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Staff Publications

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    'Staff publications' is the digital repository of Wageningen University & Research

    'Staff publications' contains references to publications authored by Wageningen University staff from 1976 onward.

    Publications authored by the staff of the Research Institutes are available from 1995 onwards.

    Full text documents are added when available. The database is updated daily and currently holds about 240,000 items, of which 72,000 in open access.

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Record number 407228
Title Logistics outsourcing by Taiwanese and Dutch food processing industries
Author(s) Hsin-I Hsiao, L.; Kemp, R.G.M.; Vorst, J.G.A.J. van der; Omta, S.W.F.
Source British Food Journal 113 (2011)4. - ISSN 0007-070X - p. 550 - 576.
Department(s) Management Studies
Operations Research and Logistics
Publication type Refereed Article in a scientific journal
Publication year 2011
Keyword(s) transaction cost economics - supply chain - 3rd-party logistics - service providers - performance - information - firm - impact - complexity - innovation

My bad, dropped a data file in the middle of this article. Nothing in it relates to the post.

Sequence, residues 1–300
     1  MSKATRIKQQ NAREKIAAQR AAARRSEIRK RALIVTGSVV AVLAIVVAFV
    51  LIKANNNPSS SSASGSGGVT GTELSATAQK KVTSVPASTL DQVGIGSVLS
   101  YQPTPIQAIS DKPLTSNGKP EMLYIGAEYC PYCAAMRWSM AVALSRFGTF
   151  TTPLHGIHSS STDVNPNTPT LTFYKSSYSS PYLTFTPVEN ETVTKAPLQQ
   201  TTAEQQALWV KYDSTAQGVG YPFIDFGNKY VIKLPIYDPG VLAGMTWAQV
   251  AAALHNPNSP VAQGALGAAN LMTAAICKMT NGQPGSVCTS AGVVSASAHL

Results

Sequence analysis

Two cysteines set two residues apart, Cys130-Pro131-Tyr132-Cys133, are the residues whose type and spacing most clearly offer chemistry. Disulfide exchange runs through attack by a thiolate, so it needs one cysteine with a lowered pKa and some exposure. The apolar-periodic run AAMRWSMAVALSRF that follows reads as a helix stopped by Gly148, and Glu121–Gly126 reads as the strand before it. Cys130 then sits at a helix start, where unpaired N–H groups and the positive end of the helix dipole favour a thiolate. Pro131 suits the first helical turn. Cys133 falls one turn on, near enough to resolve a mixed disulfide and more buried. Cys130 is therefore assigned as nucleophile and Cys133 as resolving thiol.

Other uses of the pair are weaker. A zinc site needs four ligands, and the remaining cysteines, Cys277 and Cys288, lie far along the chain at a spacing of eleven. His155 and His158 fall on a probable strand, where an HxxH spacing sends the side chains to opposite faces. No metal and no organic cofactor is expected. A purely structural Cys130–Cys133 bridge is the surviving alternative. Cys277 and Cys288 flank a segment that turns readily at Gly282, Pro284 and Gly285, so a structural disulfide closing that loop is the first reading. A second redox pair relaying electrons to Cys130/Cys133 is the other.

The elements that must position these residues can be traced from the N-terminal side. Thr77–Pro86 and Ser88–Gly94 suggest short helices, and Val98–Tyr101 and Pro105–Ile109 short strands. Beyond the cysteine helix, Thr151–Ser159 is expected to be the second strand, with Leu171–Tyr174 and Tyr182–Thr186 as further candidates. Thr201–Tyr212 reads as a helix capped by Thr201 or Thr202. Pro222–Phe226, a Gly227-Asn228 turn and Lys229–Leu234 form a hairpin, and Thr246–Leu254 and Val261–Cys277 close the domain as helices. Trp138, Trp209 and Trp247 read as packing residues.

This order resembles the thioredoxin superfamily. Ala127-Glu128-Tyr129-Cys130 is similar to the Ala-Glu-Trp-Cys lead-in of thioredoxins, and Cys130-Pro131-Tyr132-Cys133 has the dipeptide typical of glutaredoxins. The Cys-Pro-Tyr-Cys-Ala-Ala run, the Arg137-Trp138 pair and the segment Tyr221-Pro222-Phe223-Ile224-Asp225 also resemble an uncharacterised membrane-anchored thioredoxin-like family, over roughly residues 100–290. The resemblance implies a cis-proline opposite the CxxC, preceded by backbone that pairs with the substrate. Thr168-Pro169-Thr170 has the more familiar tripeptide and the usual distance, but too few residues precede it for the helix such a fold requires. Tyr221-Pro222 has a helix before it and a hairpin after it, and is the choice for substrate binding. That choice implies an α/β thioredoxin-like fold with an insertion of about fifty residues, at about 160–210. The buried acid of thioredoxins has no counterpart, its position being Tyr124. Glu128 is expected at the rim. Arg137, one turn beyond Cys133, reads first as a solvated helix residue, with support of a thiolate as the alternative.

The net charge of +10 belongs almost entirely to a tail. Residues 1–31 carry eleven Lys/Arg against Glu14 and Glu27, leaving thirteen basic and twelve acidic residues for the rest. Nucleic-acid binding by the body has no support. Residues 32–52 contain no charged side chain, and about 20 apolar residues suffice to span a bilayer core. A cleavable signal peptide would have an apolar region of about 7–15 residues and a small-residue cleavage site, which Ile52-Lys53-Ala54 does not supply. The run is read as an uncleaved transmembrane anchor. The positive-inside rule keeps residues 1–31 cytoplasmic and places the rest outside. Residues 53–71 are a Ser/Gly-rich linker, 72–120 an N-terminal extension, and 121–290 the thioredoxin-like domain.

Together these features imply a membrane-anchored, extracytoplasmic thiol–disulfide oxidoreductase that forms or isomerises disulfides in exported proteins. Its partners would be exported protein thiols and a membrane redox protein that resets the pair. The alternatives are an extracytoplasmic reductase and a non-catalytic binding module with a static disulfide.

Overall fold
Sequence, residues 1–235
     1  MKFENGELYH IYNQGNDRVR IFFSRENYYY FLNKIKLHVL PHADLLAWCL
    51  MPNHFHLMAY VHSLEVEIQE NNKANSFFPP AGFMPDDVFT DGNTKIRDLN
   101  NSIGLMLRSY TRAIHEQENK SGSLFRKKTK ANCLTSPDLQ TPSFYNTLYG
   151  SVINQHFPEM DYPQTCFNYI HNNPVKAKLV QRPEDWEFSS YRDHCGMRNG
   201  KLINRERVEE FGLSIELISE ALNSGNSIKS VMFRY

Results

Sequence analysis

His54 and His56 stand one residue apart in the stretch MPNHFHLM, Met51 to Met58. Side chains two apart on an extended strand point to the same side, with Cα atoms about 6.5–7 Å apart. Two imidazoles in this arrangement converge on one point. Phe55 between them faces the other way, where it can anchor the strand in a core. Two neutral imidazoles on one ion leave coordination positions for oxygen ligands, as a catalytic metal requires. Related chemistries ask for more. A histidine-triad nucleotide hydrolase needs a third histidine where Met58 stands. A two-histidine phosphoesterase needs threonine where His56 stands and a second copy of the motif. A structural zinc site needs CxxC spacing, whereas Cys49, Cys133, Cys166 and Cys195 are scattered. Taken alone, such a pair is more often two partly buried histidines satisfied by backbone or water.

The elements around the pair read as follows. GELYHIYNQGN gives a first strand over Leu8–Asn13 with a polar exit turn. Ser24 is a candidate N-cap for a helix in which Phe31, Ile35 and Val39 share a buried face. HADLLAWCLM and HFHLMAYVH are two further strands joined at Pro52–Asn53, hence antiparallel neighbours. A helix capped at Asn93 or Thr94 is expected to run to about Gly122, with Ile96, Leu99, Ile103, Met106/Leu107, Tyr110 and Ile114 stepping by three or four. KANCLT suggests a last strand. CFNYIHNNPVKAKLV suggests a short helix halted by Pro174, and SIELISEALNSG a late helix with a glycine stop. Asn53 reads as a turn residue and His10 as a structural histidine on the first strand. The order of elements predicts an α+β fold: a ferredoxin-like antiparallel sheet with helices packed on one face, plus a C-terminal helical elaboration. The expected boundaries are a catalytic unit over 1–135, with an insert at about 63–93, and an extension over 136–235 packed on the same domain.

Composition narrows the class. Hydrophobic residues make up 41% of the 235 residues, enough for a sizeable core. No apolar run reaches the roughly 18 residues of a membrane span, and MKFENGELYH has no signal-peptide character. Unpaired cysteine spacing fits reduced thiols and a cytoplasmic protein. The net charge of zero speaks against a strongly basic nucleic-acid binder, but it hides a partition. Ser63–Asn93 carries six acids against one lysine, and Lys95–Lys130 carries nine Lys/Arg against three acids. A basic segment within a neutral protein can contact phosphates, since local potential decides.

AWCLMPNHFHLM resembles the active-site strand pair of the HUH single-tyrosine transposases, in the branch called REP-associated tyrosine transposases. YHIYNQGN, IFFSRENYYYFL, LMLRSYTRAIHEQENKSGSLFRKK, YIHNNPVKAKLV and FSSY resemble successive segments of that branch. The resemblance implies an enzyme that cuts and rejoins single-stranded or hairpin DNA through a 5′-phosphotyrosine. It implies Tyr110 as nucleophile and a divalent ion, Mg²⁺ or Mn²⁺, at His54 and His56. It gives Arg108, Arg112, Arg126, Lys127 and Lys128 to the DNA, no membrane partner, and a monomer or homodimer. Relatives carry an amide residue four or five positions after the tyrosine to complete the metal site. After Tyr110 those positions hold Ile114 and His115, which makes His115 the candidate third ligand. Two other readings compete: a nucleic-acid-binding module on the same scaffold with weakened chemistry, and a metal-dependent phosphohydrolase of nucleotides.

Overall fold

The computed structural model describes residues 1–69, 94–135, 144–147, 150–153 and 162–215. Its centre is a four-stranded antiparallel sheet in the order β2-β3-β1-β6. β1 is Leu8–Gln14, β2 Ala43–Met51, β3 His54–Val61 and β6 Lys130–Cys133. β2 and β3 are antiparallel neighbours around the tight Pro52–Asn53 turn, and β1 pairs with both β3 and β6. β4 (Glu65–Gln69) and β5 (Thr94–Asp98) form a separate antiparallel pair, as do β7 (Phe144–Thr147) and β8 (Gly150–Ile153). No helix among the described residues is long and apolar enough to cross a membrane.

Abstract Purpose – This paper aims to investigate outsourcing of different types of logistics activities in Taiwanese food industry, and benchmark with practices in The Netherlands. Design/methodology/approach – The outsourcing of four levels of logistics activities is investigated: transportation (level 1), packaging (level 2), transportation management (level 3), and distribution network management (level 4). A structured questionnaire was designed and sent to logistics managers in The Netherlands and Taiwan to evaluate the most commonly outsourced activities and identify specific outsourcing firm's characteristics. Findings – About 69 per cent of the companies, in both countries outsource level 1 activities, 16 per cent level 2, and 37 per cent level 3 activities. Only few companies (about 10 per cent) outsource the highest level of activities. In particular, The Netherlands has higher percentages for levels 1 and 3. This might be caused by the fact that most Taiwanese companies emphasise low cost whereas the Dutch companies focus on flexibility in order to deal with higher complexities. When intentions for the future are included, Taiwan is planning to outsource level 2 (40 per cent) and level 4 activities (36 per cent) much more than The Netherlands (respectively 13 and 17 per cent). When zooming in, it was found that outsourcing strategies of companies in the subsectors differ. For instance, the dairy sector outsources more frequently than the meat sector on the first three levels. This might be caused by the fact that meat companies emphasise food quality, whereas dairy companies emphasise flexibility and reliability. Research limitations/implications – This study investigated only food processors. The paper suggests further research should include other types of food organisations. Originality/value – The paper provides valuable insights in outsourcing strategies of food processing companies in Taiwan and The Netherlands for advanced logistics service providers who are looking at the market potential of Taiwan.
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